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A20 goes into administration

IFA network Alpha to Omega has been placed into administration, Money Marketing can reveal.

Benedict MacKenzie’s Simon Underwood and Rupert Mullins have been appointed joint administrators for the network as of January 25, 2010.

Last week, the Financial Services Authority suspended Alpha 2 Omega from all regulated activities over concerns around its compliance arrangements.

A20 sent a letter to all its members/advisers informing them that the regulator has decided to change its permissions and ordered them it to cease all regulated activities for which it has permission from 5pm on January 21, 2010.

Earlier this month the regulator also ordered the IFA network to stop new business on certain funds, including Arch cru, as well as on structured products, pension transfers and drawdown.

Regulatory Legal Partner Gareth Fatchett says: “We are advising 12 members of A2O concerned about the recent upheaval at the network.

“My clients are concerned for their pipeline business and their clients.”

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Comments

There are 14 comments at the moment, we would love to hear your opinion too.

  1. Surprise, surprise another quasi advisory firm/ network goes belly up. Fed up of hearing of these outfits who are going to grow and grow and reinvent the advice proposition for clients. Seems like they would be better studying some basic bookkeeping or accounting before they took on the world. The only advisory proposition that seems to work consistently is small, local firms that keep thier focus on the face to face aspect of advice and don’t get top heavy with managers, HR, marketing, compliance,promotional budgets and the like. Small is beautiful Simpuls.

  2. You must be joking 26th January 2010 at 5:14 pm

    I agree wholeheartedly with Phil.

    When it comes to having a good business model and a need to demonstrate TCF is the smaller firms who shine through.

    Our business are adaptable, our overheads are controllable and our clients are foremost in our processes, and finally, we don’t need to go “cap in hand” to private equity houses for “development funds” like Twonky Law…

  3. What goes around comes around Mr Richard Lindley and Mr Malcolm Kilminster. You upset a lot of people and still didnt get your act together!!!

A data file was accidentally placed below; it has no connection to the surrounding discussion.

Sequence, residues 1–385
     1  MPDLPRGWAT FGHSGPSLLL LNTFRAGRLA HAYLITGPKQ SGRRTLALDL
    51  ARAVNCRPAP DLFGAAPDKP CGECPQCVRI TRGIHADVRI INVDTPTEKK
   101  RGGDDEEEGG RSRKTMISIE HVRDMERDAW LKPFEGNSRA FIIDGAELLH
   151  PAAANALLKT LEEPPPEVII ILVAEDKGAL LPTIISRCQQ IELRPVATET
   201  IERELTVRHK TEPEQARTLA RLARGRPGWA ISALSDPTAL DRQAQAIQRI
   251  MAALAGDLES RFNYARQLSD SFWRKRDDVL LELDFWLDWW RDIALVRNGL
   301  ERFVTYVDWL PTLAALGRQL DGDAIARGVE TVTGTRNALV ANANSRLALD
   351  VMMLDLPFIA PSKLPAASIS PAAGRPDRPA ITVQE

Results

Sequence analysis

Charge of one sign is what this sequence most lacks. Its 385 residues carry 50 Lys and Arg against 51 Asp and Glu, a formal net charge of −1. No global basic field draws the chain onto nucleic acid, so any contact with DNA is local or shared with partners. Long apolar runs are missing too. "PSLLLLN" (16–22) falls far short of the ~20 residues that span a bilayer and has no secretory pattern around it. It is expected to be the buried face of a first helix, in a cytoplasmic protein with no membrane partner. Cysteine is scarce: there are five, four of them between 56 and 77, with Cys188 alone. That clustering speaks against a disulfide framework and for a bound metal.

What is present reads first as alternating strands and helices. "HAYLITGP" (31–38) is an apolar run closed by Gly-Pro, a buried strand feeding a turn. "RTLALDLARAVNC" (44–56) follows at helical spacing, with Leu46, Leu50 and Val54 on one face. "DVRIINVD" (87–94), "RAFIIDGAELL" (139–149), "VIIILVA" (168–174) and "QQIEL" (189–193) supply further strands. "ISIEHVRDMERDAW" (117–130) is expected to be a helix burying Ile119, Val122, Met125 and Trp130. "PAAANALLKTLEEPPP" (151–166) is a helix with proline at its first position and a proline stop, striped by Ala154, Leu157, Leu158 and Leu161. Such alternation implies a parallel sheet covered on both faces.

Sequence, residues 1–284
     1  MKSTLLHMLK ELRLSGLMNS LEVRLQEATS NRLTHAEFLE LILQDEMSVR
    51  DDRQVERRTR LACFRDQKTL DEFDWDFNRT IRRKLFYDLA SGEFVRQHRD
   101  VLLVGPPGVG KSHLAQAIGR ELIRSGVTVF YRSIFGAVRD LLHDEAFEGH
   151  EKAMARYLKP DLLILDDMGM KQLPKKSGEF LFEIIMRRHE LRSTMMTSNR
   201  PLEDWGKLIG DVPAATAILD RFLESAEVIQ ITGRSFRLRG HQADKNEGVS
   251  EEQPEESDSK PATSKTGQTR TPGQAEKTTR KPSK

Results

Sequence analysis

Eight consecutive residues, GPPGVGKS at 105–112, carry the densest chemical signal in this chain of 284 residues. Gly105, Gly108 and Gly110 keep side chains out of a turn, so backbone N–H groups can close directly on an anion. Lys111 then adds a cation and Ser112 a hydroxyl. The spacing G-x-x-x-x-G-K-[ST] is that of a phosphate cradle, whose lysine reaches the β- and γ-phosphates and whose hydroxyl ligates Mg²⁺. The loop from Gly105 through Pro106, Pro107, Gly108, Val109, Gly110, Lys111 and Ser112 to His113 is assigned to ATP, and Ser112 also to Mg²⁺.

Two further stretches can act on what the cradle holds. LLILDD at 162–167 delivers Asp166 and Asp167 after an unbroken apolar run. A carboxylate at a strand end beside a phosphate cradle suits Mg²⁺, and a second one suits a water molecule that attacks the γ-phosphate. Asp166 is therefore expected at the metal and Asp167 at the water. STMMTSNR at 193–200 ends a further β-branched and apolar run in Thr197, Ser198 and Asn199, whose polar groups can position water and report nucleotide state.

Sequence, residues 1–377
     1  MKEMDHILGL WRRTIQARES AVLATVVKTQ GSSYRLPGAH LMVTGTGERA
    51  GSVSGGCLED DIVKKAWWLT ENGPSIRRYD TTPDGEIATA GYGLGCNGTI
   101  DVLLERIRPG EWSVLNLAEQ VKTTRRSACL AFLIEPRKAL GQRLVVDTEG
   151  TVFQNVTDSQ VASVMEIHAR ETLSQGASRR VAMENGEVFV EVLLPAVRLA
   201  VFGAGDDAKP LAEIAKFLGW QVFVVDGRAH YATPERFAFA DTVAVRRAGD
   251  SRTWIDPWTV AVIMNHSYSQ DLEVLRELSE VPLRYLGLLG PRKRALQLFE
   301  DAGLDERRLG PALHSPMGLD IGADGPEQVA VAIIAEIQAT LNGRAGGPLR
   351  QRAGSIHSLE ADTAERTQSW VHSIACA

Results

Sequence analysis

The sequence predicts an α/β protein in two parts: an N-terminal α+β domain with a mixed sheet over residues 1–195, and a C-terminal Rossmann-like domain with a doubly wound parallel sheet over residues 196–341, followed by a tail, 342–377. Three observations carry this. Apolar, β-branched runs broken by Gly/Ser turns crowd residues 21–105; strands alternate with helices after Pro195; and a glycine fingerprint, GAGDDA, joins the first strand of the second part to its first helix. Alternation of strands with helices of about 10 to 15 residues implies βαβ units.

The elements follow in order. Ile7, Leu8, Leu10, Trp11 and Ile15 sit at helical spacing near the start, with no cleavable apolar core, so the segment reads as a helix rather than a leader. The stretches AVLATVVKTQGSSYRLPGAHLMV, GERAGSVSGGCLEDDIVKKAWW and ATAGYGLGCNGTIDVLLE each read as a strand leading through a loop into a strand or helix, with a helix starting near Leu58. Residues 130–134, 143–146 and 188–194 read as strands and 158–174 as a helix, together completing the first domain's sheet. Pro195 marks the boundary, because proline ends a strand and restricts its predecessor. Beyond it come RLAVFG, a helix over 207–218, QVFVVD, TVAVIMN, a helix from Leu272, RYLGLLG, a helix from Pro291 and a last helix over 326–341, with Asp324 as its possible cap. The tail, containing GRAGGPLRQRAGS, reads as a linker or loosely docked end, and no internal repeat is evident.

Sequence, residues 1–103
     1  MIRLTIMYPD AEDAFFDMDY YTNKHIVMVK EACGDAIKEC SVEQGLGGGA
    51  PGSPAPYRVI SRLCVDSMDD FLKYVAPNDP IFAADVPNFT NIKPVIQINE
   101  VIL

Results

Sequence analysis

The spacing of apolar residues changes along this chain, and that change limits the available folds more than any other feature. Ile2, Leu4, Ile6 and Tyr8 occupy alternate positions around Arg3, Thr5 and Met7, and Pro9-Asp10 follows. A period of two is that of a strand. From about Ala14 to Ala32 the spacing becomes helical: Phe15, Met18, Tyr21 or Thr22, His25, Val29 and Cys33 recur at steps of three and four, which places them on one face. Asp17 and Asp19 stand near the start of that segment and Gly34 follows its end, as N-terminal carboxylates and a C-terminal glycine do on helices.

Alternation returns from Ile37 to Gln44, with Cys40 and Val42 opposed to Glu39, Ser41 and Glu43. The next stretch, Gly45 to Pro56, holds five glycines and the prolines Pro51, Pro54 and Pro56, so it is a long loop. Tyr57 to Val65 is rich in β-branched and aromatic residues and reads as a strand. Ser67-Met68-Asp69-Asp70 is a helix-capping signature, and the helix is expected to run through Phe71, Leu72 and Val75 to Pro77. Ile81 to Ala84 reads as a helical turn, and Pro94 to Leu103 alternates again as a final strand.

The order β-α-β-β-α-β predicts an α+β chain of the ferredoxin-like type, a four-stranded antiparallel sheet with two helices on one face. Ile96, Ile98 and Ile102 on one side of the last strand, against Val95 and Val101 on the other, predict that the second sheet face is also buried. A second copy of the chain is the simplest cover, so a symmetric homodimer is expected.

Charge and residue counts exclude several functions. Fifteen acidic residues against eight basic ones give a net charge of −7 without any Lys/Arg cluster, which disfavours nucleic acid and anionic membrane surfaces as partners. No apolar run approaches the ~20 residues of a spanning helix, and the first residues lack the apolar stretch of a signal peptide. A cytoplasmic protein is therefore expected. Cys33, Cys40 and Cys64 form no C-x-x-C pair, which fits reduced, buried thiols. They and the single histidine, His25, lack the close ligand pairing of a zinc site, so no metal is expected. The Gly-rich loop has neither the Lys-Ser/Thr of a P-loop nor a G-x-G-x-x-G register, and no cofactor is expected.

4. Here we go again…
    Well done FSA for not looking after another set of AR’s.
    To the AR’s of A2O – you have my sympathy, the same happened to me last year.

  5. How many network/big firm failures will it take before the FSA gets to grips with the eventual prospect of one solitary firm being left to fund the FSCS.

    Hector said the FSA wants “to maintain diversification”, this is one prime example of the ‘big is beautiful’ theory being unsound, the biggest example was the banks who were “too big to fail”.

    The RDR plays into the hands of the empire builders who think “multi-ties rule OK” and the banks/providers. So they grow big and appear fat, until they fall over and flatten society under their bulk.

    Come on Hector, in the name of your ‘diversification’ let’s have a ceasfire, we can work it out without anti-competitive rules and regulations which cause more consumer detriment than they are expected to prevent, and by that I mean the RDR, or the “Kenmir effect”.

  6. what a shame for the decent people that live in the financial service industry, the staff of a20 who have mortgages to pay, the members who rely upon the network to deliver a competent business, the clients who will only worry at the reasons why their financial advisor can no longer act for them in the interim period, the worry, the loss of time and energy.

    Answers yes, but a timely reminder for all that we live in very different times and these times will have an effect on all of us at some point.

    I sincerely hope that the staff at a20 find a new path quickly and that the efforts of the last few weeks are remembered by the efforts they all put in, they are from me.

  7. I’m sure these lads will set up a new firm at the drop of a hat and the liability of the old firm will be thrown on the Levy…. why should decent, professional IFAs have to subsidise these cowboys over and over again?

  8. Phil, whilst I would agree that all businesses need to get the basics right, and the financials are pretty high up on that list, I would disagree with your assertion that only small local firms work.

    The question is surely not whether the firm is large or small but more to do with the culture of the firm, from the senior management right through to the person that makes the tea the culture has to be one of excellence, ethics, service and delivery.